"Just ask for an application form: send a letter plus a stamped, self- addressed envelope to this address (international applicants can forget the stamp) and fill it out, have it notarised, make the claim, demonstrate it, and walk away with more than one million dollars! It's that simple," he said on his Internet mailing list recently. "Again I ask, why isn't the lobby of the James Randi Educational Foundation jammed with psychics? Perhaps they were waiting for the prize to be worthwhile? Well, now it is."
If things go well, you might pick up another $1m from Uri Geller, who has promised to pay that to anyone who can bend the spoon in his transparent safe, via a link across the World Wide Web. (Though you will have to do it again in front of a representative from his insurance company.)
But generally, these are hard times for those who approach all paranormal claims sceptically. (They are often known as skeptics - the "k" harks back to the American origins of their movement.) At June's World Congress to mark the 20th anniversary of the founding of the Committee for Scientific Investigation of Claims of the Paranormal (CSICOP), speakers contended that anti-science is growing everywhere, even within academia.
Yet comparing polls since 1989 suggests little change in the public's belief in topics such as precognition, lucky charms, and exchanging messages with the dead. If anything, they're slightly down. A sample: in 1989 42 per cent of those polled said they believed in life after death, while 42 per cent said they didn't; by 1995 those numbers were 39 and 44 per cent respectively. The only exception is belief in flying saucers, which showed a small rise in belief, from 21 per cent yes and 69 per cent no to 24 per cent yes and 67 per cent no.
But Randi, who has been investigating paranormal claims for more than 50 years, and was a founding fellow of CSICOP, questions the polls' accuracy. He cites other indicators: in 1965 Books in Print listed 131 books promoting paranormal claims; in 1996, it was 2,860. And look at homeopathic remedies (untested in double-blind trials) and the prevalence of programmes such as The X-Files, which some think is documentary.
"If you had asked me six years ago, I would have been encouraged. But immediately after that there started a rapid slide downhill, and it's just catastrophic today. Scientifically, we're in a dark age," he says. The sceptics' attitude "is just so unpopular - to be logical, informed, to be rational. Thinking is out, acceptance is in."
Earlier this year he set up The James Randi Educational Foundation (JREF), intended to conduct and finance research into paranormal claims, run classes and seminars, award scholarships, and maintain a library of relevant research material, including a presence on the World Wide Web. JREF also awards the annual Pigasus trophy ("trophies will be sent via psychokinesis"). And now there's that $1m awaiting a psychic willing to be tested.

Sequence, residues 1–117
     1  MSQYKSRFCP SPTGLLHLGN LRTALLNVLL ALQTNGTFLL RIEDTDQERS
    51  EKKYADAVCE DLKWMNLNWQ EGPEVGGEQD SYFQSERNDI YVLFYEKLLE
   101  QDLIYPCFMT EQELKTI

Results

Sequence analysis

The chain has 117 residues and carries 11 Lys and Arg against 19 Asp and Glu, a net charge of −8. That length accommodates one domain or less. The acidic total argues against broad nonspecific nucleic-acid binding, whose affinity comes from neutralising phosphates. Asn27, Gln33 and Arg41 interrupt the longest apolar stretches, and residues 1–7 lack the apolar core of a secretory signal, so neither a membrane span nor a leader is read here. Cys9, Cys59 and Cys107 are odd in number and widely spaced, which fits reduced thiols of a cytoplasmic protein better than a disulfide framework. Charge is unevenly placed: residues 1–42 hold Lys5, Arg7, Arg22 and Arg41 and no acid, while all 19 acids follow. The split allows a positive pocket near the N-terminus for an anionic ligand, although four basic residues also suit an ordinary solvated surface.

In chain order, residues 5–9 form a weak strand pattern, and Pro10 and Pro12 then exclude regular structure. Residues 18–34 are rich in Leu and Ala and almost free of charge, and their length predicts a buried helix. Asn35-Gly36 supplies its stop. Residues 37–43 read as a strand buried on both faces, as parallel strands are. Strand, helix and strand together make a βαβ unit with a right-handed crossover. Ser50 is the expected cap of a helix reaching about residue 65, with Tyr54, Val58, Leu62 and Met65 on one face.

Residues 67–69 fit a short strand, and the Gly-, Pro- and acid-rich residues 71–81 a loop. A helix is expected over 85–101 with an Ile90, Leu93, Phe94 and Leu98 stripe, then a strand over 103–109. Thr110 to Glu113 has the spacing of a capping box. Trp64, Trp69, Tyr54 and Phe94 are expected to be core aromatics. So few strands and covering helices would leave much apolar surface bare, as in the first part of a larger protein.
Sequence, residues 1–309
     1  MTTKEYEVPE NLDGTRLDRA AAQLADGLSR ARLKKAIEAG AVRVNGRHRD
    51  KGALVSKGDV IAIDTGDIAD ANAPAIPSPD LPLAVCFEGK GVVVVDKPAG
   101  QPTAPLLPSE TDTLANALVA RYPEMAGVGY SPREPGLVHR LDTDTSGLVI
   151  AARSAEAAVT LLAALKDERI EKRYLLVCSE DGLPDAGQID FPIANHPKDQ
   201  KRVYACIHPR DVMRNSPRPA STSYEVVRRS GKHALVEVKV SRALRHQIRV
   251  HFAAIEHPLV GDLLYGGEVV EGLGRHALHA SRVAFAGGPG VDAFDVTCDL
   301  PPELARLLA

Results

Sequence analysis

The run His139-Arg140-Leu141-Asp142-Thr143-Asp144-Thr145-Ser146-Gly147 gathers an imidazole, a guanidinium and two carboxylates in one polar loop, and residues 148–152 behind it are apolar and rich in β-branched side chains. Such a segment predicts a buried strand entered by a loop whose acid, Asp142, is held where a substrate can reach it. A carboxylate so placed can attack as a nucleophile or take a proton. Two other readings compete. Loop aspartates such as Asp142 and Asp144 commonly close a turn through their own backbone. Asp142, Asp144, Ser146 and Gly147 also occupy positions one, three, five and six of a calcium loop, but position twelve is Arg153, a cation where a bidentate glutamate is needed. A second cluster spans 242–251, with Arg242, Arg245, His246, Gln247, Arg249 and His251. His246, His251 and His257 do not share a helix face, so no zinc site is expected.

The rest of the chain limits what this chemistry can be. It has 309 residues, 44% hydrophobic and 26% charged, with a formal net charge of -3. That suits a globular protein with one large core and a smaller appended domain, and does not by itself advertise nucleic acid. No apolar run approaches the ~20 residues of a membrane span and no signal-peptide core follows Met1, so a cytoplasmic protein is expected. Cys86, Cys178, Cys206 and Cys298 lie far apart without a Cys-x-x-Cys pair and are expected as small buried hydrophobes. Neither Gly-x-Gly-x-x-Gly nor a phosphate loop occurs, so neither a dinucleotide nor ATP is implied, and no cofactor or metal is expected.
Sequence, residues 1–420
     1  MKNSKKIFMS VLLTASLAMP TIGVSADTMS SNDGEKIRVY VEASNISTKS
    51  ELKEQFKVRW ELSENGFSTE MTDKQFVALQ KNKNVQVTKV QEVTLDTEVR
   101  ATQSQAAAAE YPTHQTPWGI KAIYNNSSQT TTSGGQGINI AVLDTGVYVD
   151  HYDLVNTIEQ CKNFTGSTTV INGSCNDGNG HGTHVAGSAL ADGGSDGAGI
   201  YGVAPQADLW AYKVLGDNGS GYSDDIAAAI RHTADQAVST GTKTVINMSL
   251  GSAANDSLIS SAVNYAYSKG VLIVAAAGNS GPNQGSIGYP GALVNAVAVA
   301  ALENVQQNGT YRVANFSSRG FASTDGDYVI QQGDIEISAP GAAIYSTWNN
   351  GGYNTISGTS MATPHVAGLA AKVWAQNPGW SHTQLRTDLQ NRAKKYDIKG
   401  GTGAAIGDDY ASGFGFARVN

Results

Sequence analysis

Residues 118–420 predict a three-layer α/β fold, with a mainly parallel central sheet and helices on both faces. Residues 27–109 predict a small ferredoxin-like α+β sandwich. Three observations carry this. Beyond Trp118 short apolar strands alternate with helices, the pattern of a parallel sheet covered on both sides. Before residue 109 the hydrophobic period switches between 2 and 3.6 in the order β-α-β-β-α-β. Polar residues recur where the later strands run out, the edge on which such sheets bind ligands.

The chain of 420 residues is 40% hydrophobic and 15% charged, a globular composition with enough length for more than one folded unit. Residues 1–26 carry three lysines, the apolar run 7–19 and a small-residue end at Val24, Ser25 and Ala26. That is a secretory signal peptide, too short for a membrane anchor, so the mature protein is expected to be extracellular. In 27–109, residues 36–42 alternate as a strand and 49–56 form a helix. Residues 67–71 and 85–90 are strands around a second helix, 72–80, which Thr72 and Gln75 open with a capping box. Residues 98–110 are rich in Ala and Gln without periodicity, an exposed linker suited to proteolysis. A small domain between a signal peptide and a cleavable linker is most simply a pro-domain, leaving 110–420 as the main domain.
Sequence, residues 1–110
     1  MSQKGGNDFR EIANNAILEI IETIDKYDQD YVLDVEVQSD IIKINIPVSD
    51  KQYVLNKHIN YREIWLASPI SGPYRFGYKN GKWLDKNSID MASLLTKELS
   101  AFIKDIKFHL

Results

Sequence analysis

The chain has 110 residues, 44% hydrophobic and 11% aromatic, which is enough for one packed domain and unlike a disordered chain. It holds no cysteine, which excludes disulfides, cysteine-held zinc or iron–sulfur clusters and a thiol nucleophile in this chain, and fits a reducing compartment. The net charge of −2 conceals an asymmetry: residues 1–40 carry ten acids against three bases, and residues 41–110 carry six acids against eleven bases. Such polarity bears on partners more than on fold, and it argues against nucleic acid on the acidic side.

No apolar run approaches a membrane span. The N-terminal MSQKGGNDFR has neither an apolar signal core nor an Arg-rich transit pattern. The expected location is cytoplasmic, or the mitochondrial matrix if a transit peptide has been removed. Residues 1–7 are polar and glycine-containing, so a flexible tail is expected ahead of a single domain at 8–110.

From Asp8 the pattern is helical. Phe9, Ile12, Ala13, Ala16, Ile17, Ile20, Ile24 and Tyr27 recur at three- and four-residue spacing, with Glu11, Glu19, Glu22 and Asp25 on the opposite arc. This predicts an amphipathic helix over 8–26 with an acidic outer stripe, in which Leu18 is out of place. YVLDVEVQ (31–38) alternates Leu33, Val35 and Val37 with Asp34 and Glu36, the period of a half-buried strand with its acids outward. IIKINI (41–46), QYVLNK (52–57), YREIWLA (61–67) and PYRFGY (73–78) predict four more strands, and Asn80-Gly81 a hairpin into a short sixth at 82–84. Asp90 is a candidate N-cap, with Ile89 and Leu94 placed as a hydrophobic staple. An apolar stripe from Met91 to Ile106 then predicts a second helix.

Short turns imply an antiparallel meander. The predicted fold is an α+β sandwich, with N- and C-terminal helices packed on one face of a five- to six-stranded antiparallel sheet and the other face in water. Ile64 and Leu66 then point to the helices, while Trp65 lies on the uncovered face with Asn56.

The prize won't be easily won. In 1986 Randi exposed the faith healing televangelist Peter Popoff by playing the information being fed into Popoff's ear by his wife backstage to nationwide television audiences. (Popoff had claimed that the information came from God.) Randi has tested dowsers in Australia, table-tippers in Italy, and, most recently, therapeutic touch practitioners in Colorado.
But Randi is best known for challenging Uri Geller, the Israeli who since the Seventies has drawn attention to his claims that he is able to use the power of his mind to bend spoons, start stopped watches, read minds, and even speak to aliens. Randi does a very persuasive job of imitating parts of Geller's act using the tricks of the stage magician's trade.
His experience with Geller demonstrates what a tricky business both testing psychic claims and reporting the results can be. In 1991, Geller sued CSICOP and Randi jointly over comments that Randi - then a member of CSICOP's executive council - made in an interview with the International Herald Tribune. Randi suggested that Geller had "tricked even reputable scientists" with techniques that "are the kind that used to be on the back of cereal boxes when I was a kid. Apparently scientists don't eat cornflakes any more."
The case against CSICOP was dismissed in 1993, with Geller ordered to pay almost $150,000 in costs - though CSICOP later settled for $70,000. Randi and Geller settled separately in December 1994, when Geller's case was effectively dismissed, but without damages. Randi reckoned he was about $240,000 out of pocket. Geller also sued Randi in a number of other countries, winning amounts under $5,000.
Why does it matter to Randi or other sceptics whether Geller has the abilities he claims? The sceptics reply that if a human being really can bend metal using only his mind, it constitutes a serious challenge to humanity's store of accumulated scientific knowledge, painstakingly built up by careful research over the centuries. If you can't investigate such claims to open the way for further testing and debate and report the results, it is a loss to science and that public store of knowledge.
What can be done? The state of Colorado has passed a law to tackle a similar problem, after environmentalists complained of legal harassment from companies which they accused of pollution. The Colorado law requires any suit in which government decisions are at stake (for example, permission to build a nuclear power plant) to pass a test to show that it's not frivolous.
Perhaps something of the kind is needed to protect scientific inquiry in the field of paranormal research. Meanwhile, while Randi would say that $1m has never been safer, he himself is still at risk. And science is the loser.
The Skeptic magazine can be reached at PO Box 275, Manchester M60 2TH, firstname.lastname@example.org, or http://www.cs.man.ac.uk/skeptic/.
The James Randi Educational Foundation is at http://www.randi.org/
CSICOP is at http://www.csicop.org.